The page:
Being an outstanding physician and lifelong learner requires stoking the flames of clinical curiosity. In Chiefs’ Inquiry Corner (CIC) we attempt to succinctly answer actual clinical questions that have been raised on the wards and in the clinics of NYU’s teaching hospitals. Our answers are not meant to be all encompassing or practice changing but rather to serve as springboards for further exploration. For those of us with short attention spans, we hope CIC satisfies that craving for a morsel of knowledge in a digestible format.
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It is well established that most patients who have atrial fibrillation benefit from anticoagulation as a means of reducing risk of stroke. Mechanistically, patients with other chronic atrial tachyarrythmias are assumed to benefit from a similar therapeutic principle – that of reducing clot formation inside a left atrium unable to contract in an organized fashion and with ongoing subclinical endothelial damage and remodeling. Perhaps the most well studied atrial tachyarrhythmia other than atrial fibrillation is atrial flutter, in which there is some evidence (level C) both for increased stroke risk and anticoagulation benefit, leading the AHA/ACC/HRS guidelines to recommend anticoagulation (grade I). Although focal atrial tachycardia (FAT) and multifocal atrial tachycardia (MAT) are known to predispose to AFib, the guidelines leave out any reference to anticoagulation, likely because there is little good quality data. One limited but cited study comprised a single center retrospective case control study in which patients with Holter monitors admitted with ischemic stroke or syncope were assessed for underlying episodes of atrial tachycardia. This study found that there was no difference in the prevalence of AT or the number of beats of AT between groups, casting into some doubt the benefit of systemic anticoagulation in this population. However much research is still needed to better elucidate this claim.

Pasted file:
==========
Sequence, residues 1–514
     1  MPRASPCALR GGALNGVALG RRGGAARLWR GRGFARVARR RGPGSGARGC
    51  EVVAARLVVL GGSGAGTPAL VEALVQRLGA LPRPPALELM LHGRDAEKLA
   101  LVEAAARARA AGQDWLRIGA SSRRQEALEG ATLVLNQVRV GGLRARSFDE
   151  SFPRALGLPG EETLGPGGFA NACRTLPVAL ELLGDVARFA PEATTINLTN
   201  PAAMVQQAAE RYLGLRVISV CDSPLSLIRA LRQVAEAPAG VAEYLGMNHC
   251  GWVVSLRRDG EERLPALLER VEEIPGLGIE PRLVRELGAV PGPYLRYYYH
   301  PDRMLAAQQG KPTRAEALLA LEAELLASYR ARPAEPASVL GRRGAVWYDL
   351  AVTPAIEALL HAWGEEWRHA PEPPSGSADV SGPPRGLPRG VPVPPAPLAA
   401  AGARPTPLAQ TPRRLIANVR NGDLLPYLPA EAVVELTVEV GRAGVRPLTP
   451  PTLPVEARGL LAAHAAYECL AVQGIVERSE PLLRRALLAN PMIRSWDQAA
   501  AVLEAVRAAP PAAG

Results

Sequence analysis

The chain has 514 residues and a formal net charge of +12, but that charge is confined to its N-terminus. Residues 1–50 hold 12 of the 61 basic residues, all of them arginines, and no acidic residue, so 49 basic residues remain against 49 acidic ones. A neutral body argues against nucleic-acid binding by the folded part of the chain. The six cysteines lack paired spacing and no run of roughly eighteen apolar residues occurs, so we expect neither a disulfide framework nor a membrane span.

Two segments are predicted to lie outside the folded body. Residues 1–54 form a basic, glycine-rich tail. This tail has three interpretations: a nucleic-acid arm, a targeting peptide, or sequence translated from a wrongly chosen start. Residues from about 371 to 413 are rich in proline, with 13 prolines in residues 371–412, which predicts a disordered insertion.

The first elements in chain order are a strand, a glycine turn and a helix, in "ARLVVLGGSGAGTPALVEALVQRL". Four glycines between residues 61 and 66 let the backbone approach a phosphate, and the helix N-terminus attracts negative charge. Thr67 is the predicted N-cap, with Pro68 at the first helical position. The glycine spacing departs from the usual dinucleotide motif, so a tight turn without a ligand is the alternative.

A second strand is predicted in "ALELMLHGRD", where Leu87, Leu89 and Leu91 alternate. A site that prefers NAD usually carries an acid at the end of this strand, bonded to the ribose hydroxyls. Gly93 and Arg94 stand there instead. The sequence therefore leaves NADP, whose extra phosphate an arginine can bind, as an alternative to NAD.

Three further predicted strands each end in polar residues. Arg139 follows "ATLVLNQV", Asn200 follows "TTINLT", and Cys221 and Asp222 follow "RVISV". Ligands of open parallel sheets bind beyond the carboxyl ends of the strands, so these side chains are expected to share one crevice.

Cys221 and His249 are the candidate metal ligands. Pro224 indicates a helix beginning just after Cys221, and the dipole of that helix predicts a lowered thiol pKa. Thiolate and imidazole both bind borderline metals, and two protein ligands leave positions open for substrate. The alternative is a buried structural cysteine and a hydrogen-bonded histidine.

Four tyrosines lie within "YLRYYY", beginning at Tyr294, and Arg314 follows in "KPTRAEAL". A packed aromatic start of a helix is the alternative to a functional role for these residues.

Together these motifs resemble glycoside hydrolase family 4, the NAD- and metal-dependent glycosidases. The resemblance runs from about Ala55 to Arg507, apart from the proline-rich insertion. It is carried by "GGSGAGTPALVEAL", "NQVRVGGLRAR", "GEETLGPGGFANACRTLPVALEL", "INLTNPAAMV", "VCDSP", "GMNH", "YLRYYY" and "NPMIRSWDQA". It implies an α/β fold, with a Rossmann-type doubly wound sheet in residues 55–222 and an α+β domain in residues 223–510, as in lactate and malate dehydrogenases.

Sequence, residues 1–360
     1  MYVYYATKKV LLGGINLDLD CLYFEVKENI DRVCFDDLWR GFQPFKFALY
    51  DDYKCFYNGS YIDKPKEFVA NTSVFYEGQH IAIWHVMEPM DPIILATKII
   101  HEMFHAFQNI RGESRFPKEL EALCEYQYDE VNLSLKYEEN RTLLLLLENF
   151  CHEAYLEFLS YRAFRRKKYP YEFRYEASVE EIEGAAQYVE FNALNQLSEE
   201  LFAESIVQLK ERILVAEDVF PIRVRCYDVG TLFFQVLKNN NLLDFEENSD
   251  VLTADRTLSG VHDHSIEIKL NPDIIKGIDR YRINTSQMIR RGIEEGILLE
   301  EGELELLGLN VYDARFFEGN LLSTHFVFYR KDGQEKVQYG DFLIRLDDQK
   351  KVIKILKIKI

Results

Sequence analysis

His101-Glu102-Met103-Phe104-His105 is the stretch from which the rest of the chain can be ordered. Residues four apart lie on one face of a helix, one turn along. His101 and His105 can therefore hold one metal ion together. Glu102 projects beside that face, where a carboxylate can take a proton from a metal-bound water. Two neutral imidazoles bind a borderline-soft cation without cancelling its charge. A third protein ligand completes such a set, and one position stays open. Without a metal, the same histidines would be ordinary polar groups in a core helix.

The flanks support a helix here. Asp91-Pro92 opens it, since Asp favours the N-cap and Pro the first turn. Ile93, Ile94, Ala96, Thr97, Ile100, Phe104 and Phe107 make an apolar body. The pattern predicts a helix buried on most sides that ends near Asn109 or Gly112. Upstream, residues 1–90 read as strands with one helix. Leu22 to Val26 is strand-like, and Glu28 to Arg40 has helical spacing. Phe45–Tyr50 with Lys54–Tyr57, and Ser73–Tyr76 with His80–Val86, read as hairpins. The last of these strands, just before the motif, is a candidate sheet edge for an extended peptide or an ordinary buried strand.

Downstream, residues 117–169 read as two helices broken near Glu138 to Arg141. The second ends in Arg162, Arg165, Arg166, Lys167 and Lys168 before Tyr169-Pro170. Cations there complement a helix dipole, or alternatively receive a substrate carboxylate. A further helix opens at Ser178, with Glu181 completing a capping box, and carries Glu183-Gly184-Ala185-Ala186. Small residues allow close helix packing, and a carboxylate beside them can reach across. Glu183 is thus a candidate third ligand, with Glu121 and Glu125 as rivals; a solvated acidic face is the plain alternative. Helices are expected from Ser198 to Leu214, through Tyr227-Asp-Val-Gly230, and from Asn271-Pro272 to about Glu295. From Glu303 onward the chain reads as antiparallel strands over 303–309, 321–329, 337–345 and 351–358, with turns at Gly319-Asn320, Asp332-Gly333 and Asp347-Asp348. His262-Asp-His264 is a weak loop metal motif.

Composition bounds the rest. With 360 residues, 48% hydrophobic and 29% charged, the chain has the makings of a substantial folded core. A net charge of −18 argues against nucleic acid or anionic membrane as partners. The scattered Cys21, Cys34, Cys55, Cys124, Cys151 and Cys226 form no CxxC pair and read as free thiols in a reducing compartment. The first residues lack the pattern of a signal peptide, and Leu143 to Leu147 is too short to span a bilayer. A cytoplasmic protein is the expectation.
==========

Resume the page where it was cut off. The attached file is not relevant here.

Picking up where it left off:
References: Anticoagulation for Atrial Tachycardia
References: ACC/AHA Guidelines
The HACEK acronym refers to a group of organisms that were grouped together due to their oropharyngeal predominance, low virulence, and preponderance to cause infective endocarditis (IE). They are Haemophilus spp
., Aggregatibacter spp
., Cardiobacterium hominis
, Eikenella corrodens
, and Kingella kingae
. HACEK organisms are responsible for around 1% of IE, which tends to present more insidiously than gram positive endocarditis. Patients with HACEK-IE have a lower risk of acute heart failure, but are at an increased risk of stroke, vascular, and immunological sequelae of IE. Generally the risk of mortality with HACEK-IE is lower than with non-HACEK IE, with the exception of Haemophilus spp.,
which carries a mortality rate of up to 35%. Classically, these organisms have been thought to be difficult to culture, but with new techniques of bacterial culture, sensitivities for HACEK organisms have reached 99% within the first 5 days. Positive blood cultures for any bacteria of the HACEK group are highly suggestive of IE if no other focus of infection is identified.
References: HACEK Endocarditis